THES reporters look at how RAE results have improved and put Hefce on the spot.
Funding chiefs will decide today what to do with the results of the research assessment exercise, which they use to allocate £1 billion of research grants each year.
RAE results have improved greatly. More than half of researchers work in departments containing work of international excellence, rated 5 or 5*, compared with about a third in 1996 and less than a quarter in 1992.
Under the current funding mechanism, it would cost an extra £170 million to reward improvement in England alone. Education minister Margaret Hodge has said Higher Education Funding Council for England will get no more funds to meet this bill in the next financial year, when the better results were due to be funded.
Sir Howard Newby, chief executive of Hefce, had favoured delaying acting on the results for a year to buy time to fight for more money in next year's spending review. But at its November 1 meeting, the Hefce board asked for other options.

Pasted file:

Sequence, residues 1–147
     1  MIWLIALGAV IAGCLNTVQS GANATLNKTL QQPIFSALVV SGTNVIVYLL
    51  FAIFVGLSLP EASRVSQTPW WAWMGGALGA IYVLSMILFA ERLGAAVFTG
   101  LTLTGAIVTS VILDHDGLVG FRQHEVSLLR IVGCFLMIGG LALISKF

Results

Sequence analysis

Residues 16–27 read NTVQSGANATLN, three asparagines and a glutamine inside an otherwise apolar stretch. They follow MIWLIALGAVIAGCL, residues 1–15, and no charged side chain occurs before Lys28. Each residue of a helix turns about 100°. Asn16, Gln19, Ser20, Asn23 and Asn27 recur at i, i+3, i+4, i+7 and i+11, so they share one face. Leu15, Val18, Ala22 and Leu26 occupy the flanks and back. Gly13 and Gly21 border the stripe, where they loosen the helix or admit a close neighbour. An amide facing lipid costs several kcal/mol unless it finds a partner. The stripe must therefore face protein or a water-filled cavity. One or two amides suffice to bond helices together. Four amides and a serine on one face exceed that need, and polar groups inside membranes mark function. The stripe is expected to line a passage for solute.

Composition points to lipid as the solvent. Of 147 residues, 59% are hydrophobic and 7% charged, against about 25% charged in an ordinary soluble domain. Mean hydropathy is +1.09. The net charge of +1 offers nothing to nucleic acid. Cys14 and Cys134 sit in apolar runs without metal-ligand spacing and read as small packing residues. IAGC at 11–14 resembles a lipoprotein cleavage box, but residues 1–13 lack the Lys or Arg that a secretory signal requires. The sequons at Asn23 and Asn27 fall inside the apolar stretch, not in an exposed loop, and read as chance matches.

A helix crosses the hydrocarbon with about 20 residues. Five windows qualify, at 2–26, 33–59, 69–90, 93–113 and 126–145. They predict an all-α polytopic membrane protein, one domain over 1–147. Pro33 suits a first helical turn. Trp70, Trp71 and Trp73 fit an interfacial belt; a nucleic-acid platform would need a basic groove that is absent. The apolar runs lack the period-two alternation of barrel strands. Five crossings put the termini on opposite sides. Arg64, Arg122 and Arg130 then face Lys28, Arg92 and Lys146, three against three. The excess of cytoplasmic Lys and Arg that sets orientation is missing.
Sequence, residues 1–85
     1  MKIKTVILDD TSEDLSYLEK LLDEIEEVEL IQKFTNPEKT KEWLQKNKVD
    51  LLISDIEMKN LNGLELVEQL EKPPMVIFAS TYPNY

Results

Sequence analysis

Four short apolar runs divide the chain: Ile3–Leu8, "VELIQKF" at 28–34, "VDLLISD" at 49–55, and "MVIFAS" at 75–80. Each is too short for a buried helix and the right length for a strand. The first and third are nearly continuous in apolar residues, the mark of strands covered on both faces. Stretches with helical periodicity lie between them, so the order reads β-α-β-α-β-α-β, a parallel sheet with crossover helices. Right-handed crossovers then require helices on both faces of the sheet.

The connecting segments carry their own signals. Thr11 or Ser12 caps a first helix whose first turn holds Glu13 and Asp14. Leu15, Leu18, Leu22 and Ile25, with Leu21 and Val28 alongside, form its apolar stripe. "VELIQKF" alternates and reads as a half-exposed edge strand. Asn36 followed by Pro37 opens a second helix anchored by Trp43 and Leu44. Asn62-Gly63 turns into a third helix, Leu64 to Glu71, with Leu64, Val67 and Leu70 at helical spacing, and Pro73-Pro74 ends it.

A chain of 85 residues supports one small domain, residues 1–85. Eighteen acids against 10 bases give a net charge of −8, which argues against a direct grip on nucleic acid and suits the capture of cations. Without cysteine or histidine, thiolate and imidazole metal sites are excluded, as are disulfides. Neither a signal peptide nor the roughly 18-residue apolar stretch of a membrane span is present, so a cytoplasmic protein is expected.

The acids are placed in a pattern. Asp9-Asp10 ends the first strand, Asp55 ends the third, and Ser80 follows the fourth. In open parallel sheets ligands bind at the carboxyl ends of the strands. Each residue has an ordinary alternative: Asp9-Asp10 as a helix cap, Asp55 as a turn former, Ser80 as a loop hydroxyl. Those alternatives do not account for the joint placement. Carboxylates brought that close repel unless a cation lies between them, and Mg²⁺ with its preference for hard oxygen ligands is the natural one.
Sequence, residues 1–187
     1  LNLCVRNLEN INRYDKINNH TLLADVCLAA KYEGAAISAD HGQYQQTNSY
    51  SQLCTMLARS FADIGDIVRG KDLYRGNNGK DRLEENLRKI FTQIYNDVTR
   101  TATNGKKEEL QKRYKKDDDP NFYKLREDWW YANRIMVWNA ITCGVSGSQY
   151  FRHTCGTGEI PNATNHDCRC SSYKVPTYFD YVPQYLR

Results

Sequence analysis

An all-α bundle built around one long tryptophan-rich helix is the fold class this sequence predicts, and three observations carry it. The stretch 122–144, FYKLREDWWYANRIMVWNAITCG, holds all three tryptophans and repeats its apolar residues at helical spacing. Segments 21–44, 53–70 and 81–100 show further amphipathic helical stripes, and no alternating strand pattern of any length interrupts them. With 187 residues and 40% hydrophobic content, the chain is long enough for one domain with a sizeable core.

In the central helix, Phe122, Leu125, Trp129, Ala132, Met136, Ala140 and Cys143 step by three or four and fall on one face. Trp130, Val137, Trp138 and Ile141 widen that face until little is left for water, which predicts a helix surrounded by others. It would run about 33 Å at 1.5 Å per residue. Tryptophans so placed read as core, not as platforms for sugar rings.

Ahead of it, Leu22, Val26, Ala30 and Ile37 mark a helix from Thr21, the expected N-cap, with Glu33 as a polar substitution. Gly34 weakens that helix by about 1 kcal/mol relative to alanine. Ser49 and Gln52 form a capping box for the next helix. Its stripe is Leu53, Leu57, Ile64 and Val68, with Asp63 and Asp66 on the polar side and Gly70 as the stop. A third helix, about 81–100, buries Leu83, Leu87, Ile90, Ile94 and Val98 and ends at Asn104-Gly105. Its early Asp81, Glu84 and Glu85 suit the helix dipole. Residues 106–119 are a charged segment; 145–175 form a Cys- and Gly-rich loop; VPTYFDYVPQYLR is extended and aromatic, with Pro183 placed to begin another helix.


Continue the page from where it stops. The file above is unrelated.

Hefce has undertaken to protect the funding of top-rated departments at all costs. Sir Howard's predecessor, Sir Brian Fender, had also promised to fund departments rated 3a and 3b. Today's board meeting will consider dropping that commitment. As the saving would not be big enough, the board will consider also cutting funds to departments rated 4.
The Department for Education and Skills has backed protecting the top-rated researchers. Writing to Hefce chairman David Young last month, education secretary Estelle Morris said: "The council should at least maintain its funding for research in real terms, based on 2001-02 spending, in 2002-03 and 2003-04. I know the council is considering how to implement the outcome of the research assessment exercise in distributing funding for research in 2002-03. I recognise the council will want to continue to fund adequately the best research."
RAE 2001 league tables